[12] See http://ieeexplore.ieee.org/document/6817512/

Advertising and Online Content

The freemium model, whereby a basic digital product or service is provided free of charge, but money is charged for richer functionality, is fast becoming the de-facto model for consumer software products. Users may access the basic product or service at no cost; however, value is generated for the entity offering the product or service in the form of the data that is collected about the user. Advertisers will generally pay well for this kind of behavioral data.

We provide the following fictional example. Paul is a graphic designer and uses his computer quite frequently. With the use of the RepuX Protocol, third party application developers can create programs that Paul can voluntarily install onto his computer to record his anonymized computer user data. Paul doesn’t mind sharing this anonymized data with other businesses.

Paul can instantly make this data available to potential purchasers using the RepuX Protocol, thereby generating some additional revenue from data sales on the side. If Paul continuously provides legitimate, accurate and well-formatted data, his reputation rises on the RepuX Protocol, likely resulting in additional sales of his data. Advertisers will appreciate the reliability and availability of Paul’s data and Paul is compensated fairly for his data.

Ecommerce and International Trade

HongShan is a fictional E-commerce business located in Shenzhen. HongShan manufactures electronics for companies all over the world. One of HongShan’s biggest concerns is that of trust, speed and reliability in the settlement of the international transactions. International financial settlements often take numerous steps and over three days to receive payments. Delayed shipping and orders also mean that HongShan cannot reliably know whether the customer will pay on time or not. HongShan could use a middleman, such as Alibaba; however, these middlemen often charge significant fees on each sale, as well as an annual membership fee.13

[13] See https://revenuesandprofits.com/alibaba-makes-money-2016-update/

The RepuX Protocol can address this uncertainty and delay. Building upon the infrastructure of the reputation based system that is already in place, RepuX can add a certain trust and review system behind each transaction. This reputation element of the RepuX Protocol, built on the reviews of companies such as HongShan and other similar manufacturers over time, will allow HongShan to selectively determine which clients are more likely to pay them on time. Similarly, clients of companies such as HongShan will bene t from the reputation element of the RepuX Protocol when choosing an international manufacturer.

RepuX can develop an optional escrow system within the reputation element of the RepuX Protocol built on the Oracle system whereby trades can be placed into a hold period to help ensure proper settlement. If fraud occurs, each party to the transaction will have to submit accessible evidence to the Oracle system, and after a voting period if the majority determines that the transaction is fraudulent, then the transaction will be reversed.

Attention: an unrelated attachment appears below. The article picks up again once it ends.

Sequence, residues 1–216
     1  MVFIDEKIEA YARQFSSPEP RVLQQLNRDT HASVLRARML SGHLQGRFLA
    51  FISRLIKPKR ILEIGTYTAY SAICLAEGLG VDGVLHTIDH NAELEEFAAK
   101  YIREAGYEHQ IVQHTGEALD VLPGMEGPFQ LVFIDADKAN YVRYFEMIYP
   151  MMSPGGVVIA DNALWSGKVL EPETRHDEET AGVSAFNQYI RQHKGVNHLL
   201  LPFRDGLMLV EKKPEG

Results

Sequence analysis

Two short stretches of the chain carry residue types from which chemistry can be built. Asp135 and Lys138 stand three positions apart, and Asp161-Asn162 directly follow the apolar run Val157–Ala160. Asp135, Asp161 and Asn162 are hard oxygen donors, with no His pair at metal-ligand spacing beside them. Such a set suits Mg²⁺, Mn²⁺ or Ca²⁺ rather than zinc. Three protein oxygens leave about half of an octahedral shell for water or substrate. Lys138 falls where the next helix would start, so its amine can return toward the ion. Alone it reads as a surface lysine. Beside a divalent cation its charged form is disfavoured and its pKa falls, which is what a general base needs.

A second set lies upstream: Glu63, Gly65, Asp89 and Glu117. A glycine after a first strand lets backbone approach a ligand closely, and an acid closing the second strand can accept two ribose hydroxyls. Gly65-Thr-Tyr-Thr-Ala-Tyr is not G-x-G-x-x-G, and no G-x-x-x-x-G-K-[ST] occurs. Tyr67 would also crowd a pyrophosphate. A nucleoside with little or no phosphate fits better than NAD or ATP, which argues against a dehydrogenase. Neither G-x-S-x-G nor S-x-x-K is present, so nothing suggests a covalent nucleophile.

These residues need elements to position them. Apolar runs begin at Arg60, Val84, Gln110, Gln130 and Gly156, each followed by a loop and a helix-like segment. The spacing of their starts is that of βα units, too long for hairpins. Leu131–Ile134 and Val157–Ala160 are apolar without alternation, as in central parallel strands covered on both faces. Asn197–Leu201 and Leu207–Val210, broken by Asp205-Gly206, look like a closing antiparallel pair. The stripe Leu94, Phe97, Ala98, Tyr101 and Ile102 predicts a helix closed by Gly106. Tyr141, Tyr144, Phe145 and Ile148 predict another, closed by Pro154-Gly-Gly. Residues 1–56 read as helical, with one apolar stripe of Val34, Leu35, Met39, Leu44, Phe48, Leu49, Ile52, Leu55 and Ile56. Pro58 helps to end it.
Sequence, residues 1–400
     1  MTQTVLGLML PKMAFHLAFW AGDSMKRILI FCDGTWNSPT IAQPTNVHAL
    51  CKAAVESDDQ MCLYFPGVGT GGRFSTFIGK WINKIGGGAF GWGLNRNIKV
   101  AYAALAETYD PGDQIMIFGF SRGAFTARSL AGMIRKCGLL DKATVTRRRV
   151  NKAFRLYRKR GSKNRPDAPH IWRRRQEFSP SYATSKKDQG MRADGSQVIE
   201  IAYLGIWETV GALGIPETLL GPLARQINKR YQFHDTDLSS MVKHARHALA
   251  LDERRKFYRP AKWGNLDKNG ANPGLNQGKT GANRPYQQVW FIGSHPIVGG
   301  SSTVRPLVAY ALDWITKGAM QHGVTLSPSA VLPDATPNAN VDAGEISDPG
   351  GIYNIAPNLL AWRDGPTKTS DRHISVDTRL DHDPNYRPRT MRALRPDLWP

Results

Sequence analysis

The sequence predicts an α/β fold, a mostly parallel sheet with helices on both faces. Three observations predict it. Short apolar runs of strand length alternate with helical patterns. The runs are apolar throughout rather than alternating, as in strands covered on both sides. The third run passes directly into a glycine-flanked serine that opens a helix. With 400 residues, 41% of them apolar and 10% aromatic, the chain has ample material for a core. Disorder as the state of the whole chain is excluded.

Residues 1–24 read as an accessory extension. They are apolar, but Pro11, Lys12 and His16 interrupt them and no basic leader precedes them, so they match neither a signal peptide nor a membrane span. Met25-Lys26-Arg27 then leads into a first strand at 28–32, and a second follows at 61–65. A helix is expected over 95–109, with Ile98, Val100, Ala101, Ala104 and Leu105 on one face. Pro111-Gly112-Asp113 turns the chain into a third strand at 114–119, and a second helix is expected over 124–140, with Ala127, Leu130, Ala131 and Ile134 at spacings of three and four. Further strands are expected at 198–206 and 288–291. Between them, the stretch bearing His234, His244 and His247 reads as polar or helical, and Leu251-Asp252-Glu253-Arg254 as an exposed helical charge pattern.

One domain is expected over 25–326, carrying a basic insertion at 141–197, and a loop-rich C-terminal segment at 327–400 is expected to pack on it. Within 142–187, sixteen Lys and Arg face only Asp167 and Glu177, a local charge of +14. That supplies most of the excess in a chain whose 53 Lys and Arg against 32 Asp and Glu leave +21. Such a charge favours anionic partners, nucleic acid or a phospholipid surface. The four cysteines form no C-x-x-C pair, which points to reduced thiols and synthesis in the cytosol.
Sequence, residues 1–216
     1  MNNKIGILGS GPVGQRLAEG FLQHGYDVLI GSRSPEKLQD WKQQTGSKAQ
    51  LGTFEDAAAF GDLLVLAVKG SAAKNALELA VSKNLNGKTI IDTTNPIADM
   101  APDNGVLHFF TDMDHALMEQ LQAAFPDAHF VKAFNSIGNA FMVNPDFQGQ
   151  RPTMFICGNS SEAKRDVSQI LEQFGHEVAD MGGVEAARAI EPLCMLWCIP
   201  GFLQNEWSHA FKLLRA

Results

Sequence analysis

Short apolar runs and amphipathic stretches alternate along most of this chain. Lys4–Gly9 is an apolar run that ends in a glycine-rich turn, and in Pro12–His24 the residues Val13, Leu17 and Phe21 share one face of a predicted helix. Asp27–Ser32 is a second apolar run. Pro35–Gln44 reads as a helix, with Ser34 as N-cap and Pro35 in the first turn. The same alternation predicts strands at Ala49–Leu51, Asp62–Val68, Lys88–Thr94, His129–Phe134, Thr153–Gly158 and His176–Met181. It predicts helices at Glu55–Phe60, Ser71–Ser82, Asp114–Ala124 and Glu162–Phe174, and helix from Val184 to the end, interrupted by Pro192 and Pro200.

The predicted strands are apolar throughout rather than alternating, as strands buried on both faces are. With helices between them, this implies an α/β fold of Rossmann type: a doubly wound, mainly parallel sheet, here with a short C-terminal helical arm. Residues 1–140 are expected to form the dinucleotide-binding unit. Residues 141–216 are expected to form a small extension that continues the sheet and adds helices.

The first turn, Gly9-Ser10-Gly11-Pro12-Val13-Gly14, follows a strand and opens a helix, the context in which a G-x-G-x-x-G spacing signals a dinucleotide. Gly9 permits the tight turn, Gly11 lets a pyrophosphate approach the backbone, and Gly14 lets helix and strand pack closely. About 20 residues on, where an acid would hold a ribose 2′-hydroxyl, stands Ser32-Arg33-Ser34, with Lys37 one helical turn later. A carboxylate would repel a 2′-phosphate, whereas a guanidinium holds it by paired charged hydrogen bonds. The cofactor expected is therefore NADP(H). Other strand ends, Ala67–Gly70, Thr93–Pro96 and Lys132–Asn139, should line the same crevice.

Credit Scoring

Credit scoring is based upon determining the financial reputation of an individual over a long period of time. The RepuX Protocol can assist with this. With the built-in reputation history developed over time through the RepuX Protocol, third parties can assess the trustworthiness of an individual directly from the transactions that this individual has made. Generally, individuals want to build a strong credit history, which will incentivize such individuals to use the RepuX Protocol in daily transactions.

Electronic Point of Sale (or EPOS)

EPOS devices represent another place where the RepuX Protocol could be implemented advantageously. Each sale conducted through an EPOS using the RepuX Protocol would:

  1. be recorded within the blockchain;

  2. be publicly visible; and

  3. act as an immutable accounting registry, thereby eliminating fraud.

Micro Loans

The micro loans industry is worth over US$40 billion and is projected to grow 20-30% per year.

With the credit history that can be established within the RepuX Protocol, third party developers could build an application resembling a micro loans institution using the RepuX Protocol. Such a micro loans institution would have all of the credit evaluation within the reputation element of the RepuX Protocol available to it, fraud-free and publicly auditable on the blockchain.

Using the RepuX Protocol, micro loans could be easily funded between creditors and borrowers. Creditors could, for example, easily purchase a large bundle of RepuX reputation-certified loans and have assurance that there is a certain quality of reputation behind the borrowers.

Medical Records

PhenoPh is a fictional drug manufacturing and development company. PhenoPh has a wide range of products that are frequently used by hospitals. PhenoPh also has many competitors for the drugs that PhenoPh sells. In order to compete effectively with those competitors, PhenoPh must carry out significant market research.